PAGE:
# Iterative Refinements of the Hermite-Hadamard Inequality, Applications to the Standard Means

- SeverS Dragomir
^{1, 2}and - Mustapha Raïssouli
^{3}Email author

**2010**:107950

https://doi.org/10.1155/2010/107950

© Sever S. Dragomir and Mustapha Raïssouli. 2010

**Received: **29 July 2010

**Accepted: **19 October 2010

**Published: **24 October 2010

## Abstract

Two adjacent recursive processes converging to the mean value of a real-valued convex function are given. Refinements of the Hermite-Hadamard inequality are obtained. Some applications to the special means are discussed. A brief extension for convex mappings with variables in a linear space is also provided.

## 1. Introduction

is known in the literature as the Hermite-Hadamard inequality for convex functions. Such inequality is very useful in many mathematical contexts and contributes as a tool for establishing some interesting estimations.

In recent few years, many authors have been interested to give some refinements and extensions of the Hermite-Hadamard inequality (1.1), [1–4]. Dragomir [1] gave a refinement of the left side of (1.1) as summarized in the next result.

Theorem 1.1.

Yang and Hong [3] gave a refinement of the right side of (1.1) as itemized below.

Theorem 1.2.

From the above theorems we immediately deduce the following.

Corollary 1.3.

The following refinement of (1.1) is also well-known.

Theorem 1.4.

For the sake of completeness and in order to explain the key idea of our approach to the reader we will reproduce here the proof of the above known theorem.

Proof.

The desired result (1.8) follows by adding the above obtained inequalities (1.9).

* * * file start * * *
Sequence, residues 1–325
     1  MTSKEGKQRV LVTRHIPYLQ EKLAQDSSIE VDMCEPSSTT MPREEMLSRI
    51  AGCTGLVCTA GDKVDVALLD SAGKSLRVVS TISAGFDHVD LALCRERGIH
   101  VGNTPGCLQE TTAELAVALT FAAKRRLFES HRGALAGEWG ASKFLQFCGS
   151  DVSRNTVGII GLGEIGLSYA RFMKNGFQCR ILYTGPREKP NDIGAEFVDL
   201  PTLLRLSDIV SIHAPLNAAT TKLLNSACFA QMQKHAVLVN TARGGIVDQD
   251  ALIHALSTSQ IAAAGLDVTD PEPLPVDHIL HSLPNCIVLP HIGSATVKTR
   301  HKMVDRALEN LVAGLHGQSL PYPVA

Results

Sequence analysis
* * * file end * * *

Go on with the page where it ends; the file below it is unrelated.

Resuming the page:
Theorem 1.5.

Notation 1.

## 2. Iterative Refinements of the Hermite-Hadamard Inequality

Let be a nonempty convex subset of and let be a convex function. As already pointed out, our fundamental goal in the present section is to give some iterative refinements of (1.1) containing those recalled in the above. We start with our general viewpoint.

### 2.1. General Approach

Summarizing the previous approach, we may state the following results.

Theorem 2.1.

Proof.

Follows from the construction of and . It is also possible to prove the same by using the above recursive relationships defining and . The proof is complete.

Corollary 2.2.

Proof.

According to inequalities (2.7), the sequence is increasing upper bounded by while is decreasing lower bounded by . It follows that and both converge. Passing to the limits in inequalities (2.7) we obtain (2.8), which completes the proof.

Now, we will observe a question arising naturally from the above study: what is the explicit form of (and ) in terms of ? The answer to this is given in the following result.

Theorem 2.3.

Proof.

Of course, it is sufficient to show the first formulae which follows from a simple induction with a manipulation on the summation indices. We omit the routine details.

After this, we can put the following question: what are the explicit limits of the sequences and ? Before giving an answer to this question in a special case, we may state the following examples.

Example 2.4.

which, respectively, correspond to the lower and upper bounds of (1.8). By convexity of , it is easy to see that the inequalities (2.6) are satisfied. In this case we will prove in the next subsection that and coincide with and , respectively, and so both converge to .

Example 2.5.

for fixed , . It is not hard to verify that the inequalities (2.6) are here satisfied. In this case, our above approach defines us two sequences which depend on the variable . For this, such sequences of functions will be denoted by and . This example, which contains the above one, will be detailed in the following.

### 2.2. Case of Example 2.4

Choosing and as in Example 2.4, we first state the following result.

Proposition 2.6.

where and are given by (1.10).

Proof.

It is a simple verification from formulas (2.9) with (1.10).

Now, we will reproduce to prove that the sequences and both converge to by adopting our technical approach. In fact, with (2.10) the sequences and can be relied by a unique interesting relationship which, as we will see later, will simplify the corresponding proofs. Precisely, we may state the following result.

Proposition 2.7.

Proof.

It is a simple induction on and we omit the details for the reader.

Now we are in position to state the following result which gives an answer to the above question when and are chosen as in Example 2.4.